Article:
Yesterday I tweeted that legislation made in haste, is rarely good legislation. It was only after that I discovered that indeed it appears the government is careering headlong down a path of disastrous legislation to regulate lobbyists.
Unfortunately much of the media coverage and comments from ‘experts’ are simply spinning their own agenda or arguing for their own vested interests.
The latest move by the Tories and Liberal Democrats to dilute the lobbying legislation by confusing it with trade union funding and membership will only delay and reduce the likelihood of good legislation being passed.
However, some responses I’ve seen are equally misguided. It is right, indeed essential, that trade unions are included in any proposed statutory register of lobbyists. Just as it is essential that businesses, consultants, charities, pressure groups, trade bodies and NGOs are included. However, that is an entirely separate issue to the ones of trade union funding and membership.
The TUC general secretary Frances O’Grady issued what started as a great statement when she said:
“The government is cynically trying to exploit a political sleaze scandal to crack down on unions – which are democratic and accountable organisations. We already have some of the most restrictive union laws in all of Europe and this move smacks of naked opportunism.
“Making it harder for working people to take strike action and for unions to support local candidates is not the way to clean up politics.”
However, she then went on to muddy the waters by adding:
“Ordinary people want action to curb the lobbying power of rich men and mighty corporations. It would be better if the government focused on this rather than taking a politically motivated swipe at unions.”
Actually a lot of ‘ordinary’ people I talk to – who aren’t involved or even very interested in politics at all – are concerned about anyone or anything that has ‘special’ access to politicians. That includes rich men, mighty corporations and trade unions. Let’s not forget that despite the recent welcome rise in trade union membership most people aren’t members and don’t work in unionised workplaces.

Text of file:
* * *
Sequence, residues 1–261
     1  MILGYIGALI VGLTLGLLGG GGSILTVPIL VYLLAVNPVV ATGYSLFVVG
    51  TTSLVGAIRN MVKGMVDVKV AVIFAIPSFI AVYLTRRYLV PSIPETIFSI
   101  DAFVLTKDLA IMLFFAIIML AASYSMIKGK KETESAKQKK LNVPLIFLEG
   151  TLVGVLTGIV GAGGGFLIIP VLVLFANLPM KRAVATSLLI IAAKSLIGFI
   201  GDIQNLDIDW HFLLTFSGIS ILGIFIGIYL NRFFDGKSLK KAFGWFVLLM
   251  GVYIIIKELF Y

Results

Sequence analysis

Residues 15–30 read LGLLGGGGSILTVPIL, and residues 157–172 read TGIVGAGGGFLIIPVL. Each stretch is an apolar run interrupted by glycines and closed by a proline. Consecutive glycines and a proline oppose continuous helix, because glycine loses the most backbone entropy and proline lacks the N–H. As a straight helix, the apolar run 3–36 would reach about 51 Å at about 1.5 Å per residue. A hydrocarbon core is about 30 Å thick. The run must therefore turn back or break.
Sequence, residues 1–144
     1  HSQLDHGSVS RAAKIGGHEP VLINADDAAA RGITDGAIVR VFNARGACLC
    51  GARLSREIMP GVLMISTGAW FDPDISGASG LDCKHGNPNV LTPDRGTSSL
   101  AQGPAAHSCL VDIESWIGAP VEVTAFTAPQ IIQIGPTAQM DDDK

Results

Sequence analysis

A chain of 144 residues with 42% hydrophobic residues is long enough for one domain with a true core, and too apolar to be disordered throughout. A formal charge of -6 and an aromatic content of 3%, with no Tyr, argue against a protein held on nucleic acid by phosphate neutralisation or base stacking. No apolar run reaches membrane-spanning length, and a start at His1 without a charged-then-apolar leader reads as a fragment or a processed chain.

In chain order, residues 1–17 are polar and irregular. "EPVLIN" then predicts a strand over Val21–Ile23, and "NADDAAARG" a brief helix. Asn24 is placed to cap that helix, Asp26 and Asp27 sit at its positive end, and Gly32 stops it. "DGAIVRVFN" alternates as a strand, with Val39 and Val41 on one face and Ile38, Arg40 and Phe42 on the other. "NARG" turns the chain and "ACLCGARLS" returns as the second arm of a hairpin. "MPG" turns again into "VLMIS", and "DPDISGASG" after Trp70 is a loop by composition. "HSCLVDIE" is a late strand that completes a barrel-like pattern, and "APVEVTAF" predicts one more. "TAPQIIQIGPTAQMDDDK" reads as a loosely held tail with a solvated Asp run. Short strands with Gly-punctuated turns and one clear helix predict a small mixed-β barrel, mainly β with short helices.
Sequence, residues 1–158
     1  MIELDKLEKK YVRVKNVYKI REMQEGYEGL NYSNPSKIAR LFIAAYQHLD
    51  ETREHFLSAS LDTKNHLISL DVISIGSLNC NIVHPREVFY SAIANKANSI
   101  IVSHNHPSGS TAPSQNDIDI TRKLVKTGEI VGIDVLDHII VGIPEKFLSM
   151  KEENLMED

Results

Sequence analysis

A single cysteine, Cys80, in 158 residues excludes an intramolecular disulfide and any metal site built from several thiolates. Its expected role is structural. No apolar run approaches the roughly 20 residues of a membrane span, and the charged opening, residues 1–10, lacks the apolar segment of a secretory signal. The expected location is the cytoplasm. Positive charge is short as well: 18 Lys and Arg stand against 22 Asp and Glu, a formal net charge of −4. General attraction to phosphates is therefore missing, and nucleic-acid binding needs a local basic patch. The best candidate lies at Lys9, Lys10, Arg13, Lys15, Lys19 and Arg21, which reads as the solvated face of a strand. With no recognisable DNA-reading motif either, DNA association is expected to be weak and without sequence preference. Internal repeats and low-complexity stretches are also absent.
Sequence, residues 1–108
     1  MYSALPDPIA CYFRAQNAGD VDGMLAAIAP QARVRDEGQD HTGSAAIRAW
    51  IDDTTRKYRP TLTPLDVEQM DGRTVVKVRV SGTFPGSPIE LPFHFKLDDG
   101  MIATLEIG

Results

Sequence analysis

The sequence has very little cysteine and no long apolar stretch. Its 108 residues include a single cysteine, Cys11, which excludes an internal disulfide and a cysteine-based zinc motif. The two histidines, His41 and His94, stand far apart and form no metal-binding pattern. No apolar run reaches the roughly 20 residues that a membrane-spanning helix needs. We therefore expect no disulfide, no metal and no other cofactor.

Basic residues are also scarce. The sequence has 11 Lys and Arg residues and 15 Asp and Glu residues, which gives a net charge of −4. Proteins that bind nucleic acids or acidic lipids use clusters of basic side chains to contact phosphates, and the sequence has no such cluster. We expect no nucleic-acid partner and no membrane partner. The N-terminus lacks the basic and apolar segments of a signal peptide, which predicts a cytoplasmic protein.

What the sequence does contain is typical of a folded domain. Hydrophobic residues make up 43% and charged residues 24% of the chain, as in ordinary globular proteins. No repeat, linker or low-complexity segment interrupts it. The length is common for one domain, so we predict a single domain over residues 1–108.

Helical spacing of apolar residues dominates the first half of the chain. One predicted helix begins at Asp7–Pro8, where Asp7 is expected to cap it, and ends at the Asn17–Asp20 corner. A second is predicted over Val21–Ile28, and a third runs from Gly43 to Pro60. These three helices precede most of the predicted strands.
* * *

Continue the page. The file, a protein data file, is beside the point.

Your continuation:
A big reason for the rise of UKIP, and other even more extreme parties, is disillusionment with politics and the democratic process. There are many reasons for this, ironically most of them not to do with politicians as most are actually doing a very good and honourable job. But that is not the popular perception which is driven by distorted mainstream media coverage. I also believe that people’s expectations of politicians are also becoming more selfish. We elected you so you should do what we want. When actually in a representative democracy we elect politicians to do what they believe to be best for everyone. That doesn’t mean just the people who shout the loudest in community campaigns, national demonstrations and social media. It’s just as important, if not more so, to support the silent majority.
Therefore trade unions must be included in a register of lobbyists as it would be ludicrous to regulate some lobbyists and not others. However, the issue of trade union funding and membership are entirely separate debates and nothing to do with legitimate lobbying. It is a direct attack on democracy to say that some people or organisations have more right to representation than others.
In my personal opinion the only exception to registering should be individuals directly lobbying their own MP. My proposal would therefore also require community ‘action groups’ and associations to register. I don’t think that’s actually a bad thing as to exclude them would leave open a potential loophole where companies and organisations could use or exploit such groups as a ‘front’.
However, this means the register needs to be simple and transparent so that it is very easy for everyone to keep it up to date in ‘almost’ real-time. This also means the register must be publicly funded and free for all lobbyists to register.
It is better to have too much registration than too little.